Restaurant operating costs: How to calculate operating costs for a restaurant
We know how quickly the costs for running a restaurant add up, so we’ve decided to take a detailed look at all of the different expenses that you’re likely to incur, and share this info with you!
Cost management is quite the skill to master, but we believe that ultimately you don’t need to have professional training to keep your records in order.
Let’s start by examining the different types of restaurant operating costs and paint a clear picture of your restaurant expenses breakdown.
What are the different types of operating costs?
Broadly speaking, you could categorise restaurant operating costs into one of three categories: fixed, variable and semi-variable costs:
Your fixed costs will include insurance, loan payment, rent and license fees. It will be much easier for you to factor these expenses into your budget, as they don’t tend to fluctuate.
Your variable costs include food, hourly wages, and utilities. These costs are harder to predict when opening a restaurant because they vary according to output. After several months, you’ll know what to expect each month.
And finally, semi-variable costs can be defined as those that have both a variable and fixed component. The main one we will be focusing on is labor, given the fact that it can vary greatly because of seasonality and demand, but will retain a constant baseline throughout the year, and might be more or less stable depending on your type of business.
Now let’s take a closer look at each one of these different types of expenses, and see how to calculate operating costs for a restaurant with a breakdown of each type of cost.
Fixed restaurant operating costs
Your restaurant fixed costs are the easiest expenses to factor into your budget given that they will remain relatively stable over time. Your restaurant monthly expenses include:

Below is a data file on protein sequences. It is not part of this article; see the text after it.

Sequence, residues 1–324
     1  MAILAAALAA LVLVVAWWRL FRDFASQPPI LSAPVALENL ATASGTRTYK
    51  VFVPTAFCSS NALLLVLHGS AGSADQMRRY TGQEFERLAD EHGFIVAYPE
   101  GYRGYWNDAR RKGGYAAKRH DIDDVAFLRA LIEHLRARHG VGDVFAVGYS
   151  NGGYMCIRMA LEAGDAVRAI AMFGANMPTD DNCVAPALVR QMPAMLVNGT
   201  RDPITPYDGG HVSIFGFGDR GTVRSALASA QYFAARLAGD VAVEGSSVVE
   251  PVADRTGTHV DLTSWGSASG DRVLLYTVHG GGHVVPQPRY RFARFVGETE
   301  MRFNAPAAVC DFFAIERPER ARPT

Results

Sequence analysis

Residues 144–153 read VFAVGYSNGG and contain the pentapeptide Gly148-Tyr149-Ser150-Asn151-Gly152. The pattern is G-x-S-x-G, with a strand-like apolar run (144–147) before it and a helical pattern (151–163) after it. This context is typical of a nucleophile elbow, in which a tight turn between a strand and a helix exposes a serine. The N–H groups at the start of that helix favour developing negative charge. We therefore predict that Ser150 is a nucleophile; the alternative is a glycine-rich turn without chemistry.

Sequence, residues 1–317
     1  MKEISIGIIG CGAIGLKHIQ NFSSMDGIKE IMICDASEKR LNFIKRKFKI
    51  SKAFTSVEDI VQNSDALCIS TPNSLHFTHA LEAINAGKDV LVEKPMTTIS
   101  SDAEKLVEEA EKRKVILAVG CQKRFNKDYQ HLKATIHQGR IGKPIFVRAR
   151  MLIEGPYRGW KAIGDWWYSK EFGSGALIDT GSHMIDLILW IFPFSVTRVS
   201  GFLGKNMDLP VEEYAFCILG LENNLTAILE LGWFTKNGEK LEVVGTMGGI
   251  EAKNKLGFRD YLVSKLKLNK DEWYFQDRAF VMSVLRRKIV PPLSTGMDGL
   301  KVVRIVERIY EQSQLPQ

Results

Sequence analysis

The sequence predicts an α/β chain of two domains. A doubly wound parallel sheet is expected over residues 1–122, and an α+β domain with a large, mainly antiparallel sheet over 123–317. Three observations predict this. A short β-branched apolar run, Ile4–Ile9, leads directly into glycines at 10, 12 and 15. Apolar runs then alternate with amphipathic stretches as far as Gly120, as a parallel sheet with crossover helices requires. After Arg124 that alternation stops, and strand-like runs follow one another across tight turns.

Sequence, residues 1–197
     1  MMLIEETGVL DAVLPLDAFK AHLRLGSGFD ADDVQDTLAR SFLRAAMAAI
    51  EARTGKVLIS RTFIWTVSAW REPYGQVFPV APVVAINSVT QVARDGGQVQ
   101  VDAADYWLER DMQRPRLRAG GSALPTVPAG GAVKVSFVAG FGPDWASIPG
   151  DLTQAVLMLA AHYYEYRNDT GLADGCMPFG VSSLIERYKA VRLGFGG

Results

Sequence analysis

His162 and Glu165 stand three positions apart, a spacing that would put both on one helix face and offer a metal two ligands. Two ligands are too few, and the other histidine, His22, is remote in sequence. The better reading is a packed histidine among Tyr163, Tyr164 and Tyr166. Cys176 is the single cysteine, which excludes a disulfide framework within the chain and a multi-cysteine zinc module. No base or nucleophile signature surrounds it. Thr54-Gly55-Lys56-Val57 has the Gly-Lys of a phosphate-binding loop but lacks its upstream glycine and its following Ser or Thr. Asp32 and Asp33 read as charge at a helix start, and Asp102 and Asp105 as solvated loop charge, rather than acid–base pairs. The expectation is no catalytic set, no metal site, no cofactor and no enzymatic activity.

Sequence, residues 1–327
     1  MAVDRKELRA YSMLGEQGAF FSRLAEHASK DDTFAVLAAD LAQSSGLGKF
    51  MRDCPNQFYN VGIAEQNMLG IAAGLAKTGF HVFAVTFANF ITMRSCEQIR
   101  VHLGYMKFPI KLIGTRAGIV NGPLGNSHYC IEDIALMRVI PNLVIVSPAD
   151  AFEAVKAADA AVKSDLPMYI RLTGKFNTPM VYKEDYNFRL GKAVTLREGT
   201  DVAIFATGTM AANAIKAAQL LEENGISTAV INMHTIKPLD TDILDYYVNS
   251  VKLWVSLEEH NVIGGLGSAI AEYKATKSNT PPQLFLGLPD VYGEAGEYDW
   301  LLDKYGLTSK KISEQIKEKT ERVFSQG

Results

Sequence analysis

Rent and loan payments
1. Insurance costs
Insurance is one of the most important and often overlooked investments you can make into your business, especially if you want to be protected from liabilities. The rest environment is one that carries with it a great deal of risks, from the equipment that you operate, as well as unforeseen accidents with your staff or guests. Most restaurants should consider getting:
Business liability insurance, to protect against a wide variety of claims, such as bodily injury and property damage.
Product liability, to protect against claims connected to the malfunctioning of your equipment.
Liquor liability, to cover claims of damage or bodily injury caused by an intoxicated person after consuming alcohol on your premises.
Workers’ compensation policies, to cover claims for your employees as the result of injuries.
Insurance costs can vary depending on the size and type of business that you run, but they tend to average around $4300. You can find insurance plans with low-cost principles, but we advise you to make sure that you’ll be able to afford the cost of your deductibles in the event of an accident if you decide to choose insurance plans with low cost principles and high deductibles.
2. Rent and loan payment
Although there’s a great degree of variability to the costs of rent depending on your location, and the size of your location, paying for rent, repaying mortgage payments or paying loans and building fees will remain a permanent or at least long-term expense.
If you own the property where your restaurant is located, you’ll still have to deal with building administration fees, which can range between 8 and 12% of what would be the total cost of rent.
Before you sign your lease, we always recommend that you have a lawyer or a legal expert go over it to make sure that everything is in order. You might also want to have a look at the costs of rent or loan payments with your accountant.
What can you do to save money on rent?
With the parallel rise of inflation and rent prices that we’ve seen take place throughout the last year of the pandemic, restaurant owners might find it increasingly difficult to cut costs on rent, and assume that it’s essentially become a lost cause at this point.
But there are three key pieces of advice we’d give you to avoid incurring unnecessary expenses in your rent payments. Remember that if the price of your rent remains relatively stable during an inflationary period, you’ll be effectively saving money. That’s why we recommend that you:
Develop a good relationship with your landlord. When you’re out looking for a new place to rent, always strive to find someone with whom you can talk frankly about money. And then aim to cultivate this relationship, so that when it comes time to negotiate, you’re on the best terms possible.
Secure a contract with provisions to protect you from unfair rent hikes. This is one of the main reasons why we recommend getting assistance from legal experts when you’re reviewing your contract. Make sure that everything is in order when you sign the papers, and you’ll be protecting your business in the long run.
If you’re having difficulties reaching a settlement with your landlord, you can bring in a third party consultant to help you review the terms of your contract and settle your dispute.